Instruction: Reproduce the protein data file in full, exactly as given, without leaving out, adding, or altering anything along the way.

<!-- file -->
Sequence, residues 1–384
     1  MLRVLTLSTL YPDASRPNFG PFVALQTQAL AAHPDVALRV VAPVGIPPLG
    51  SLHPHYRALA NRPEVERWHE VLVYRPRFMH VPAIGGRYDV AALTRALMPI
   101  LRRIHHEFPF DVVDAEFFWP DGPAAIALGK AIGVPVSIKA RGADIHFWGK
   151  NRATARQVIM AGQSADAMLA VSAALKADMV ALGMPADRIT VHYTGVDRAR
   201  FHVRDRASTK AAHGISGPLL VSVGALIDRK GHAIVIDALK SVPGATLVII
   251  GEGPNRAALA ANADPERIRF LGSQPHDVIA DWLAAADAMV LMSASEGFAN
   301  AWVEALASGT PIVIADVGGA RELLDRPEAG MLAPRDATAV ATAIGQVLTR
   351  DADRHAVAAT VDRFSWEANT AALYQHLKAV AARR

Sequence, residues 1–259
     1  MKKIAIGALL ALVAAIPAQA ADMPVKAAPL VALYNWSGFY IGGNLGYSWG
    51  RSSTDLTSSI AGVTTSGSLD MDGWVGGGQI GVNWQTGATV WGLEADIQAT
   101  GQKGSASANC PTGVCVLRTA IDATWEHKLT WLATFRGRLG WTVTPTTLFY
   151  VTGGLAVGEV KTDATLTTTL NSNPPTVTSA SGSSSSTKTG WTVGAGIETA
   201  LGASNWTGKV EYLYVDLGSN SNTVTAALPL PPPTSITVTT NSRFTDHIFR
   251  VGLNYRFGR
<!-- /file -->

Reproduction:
Sequence, residues 1–384
     1  MLRVLTLSTL YPDASRPNFG PFVALQTQAL AAHPDVALRV VAPVGIPPLG
    51  SLHPHYRALA NRPEVERWHE VLVYRPRFMH VPAIGGRYDV AALTRALMPI
   101  LRRIHHEFPF DVVDAEFFWP DGPAAIALGK AIGVPVSIKA RGADIHFWGK
   151  NRATARQVIM AGQSADAMLA VSAALKADMV ALGMPADRIT VHYTGVDRAR
   201  FHVRDRASTK AAHGISGPLL VSVGALIDRK GHAIVIDALK SVPGATLVII
   251  GEGPNRAALA ANADPERIRF LGSQPHDVIA DWLAAADAMV LMSASEGFAN
   301  AWVEALASGT PIVIADVGGA RELLDRPEAG MLAPRDATAV ATAIGQVLTR
   351  DADRHAVAAT VDRFSWEANT AALYQHLKAV AARR

Sequence, residues 1–259
     1  MKKIAIGALL ALVAAIPAQA ADMPVKAAPL VALYNWSGFY IGGNLGYSWG
    51  RSSTDLTSSI AGVTTSGSLD MDGWVGGGQI GVNWQTGATV WGLEADIQAT
   101  GQKGSASANC PTGVCVLRTA IDATWEHKLT WLATFRGRLG WTVTPTTLFY
   151  VTGGLAVGEV KTDATLTTTL NSNPPTVTSA SGSSSSTKTG WTVGAGIETA
   201  LGASNWTGKV EYLYVDLGSN SNTVTAALPL PPPTSITVTT NSRFTDHIFR
   251  VGLNYRFGR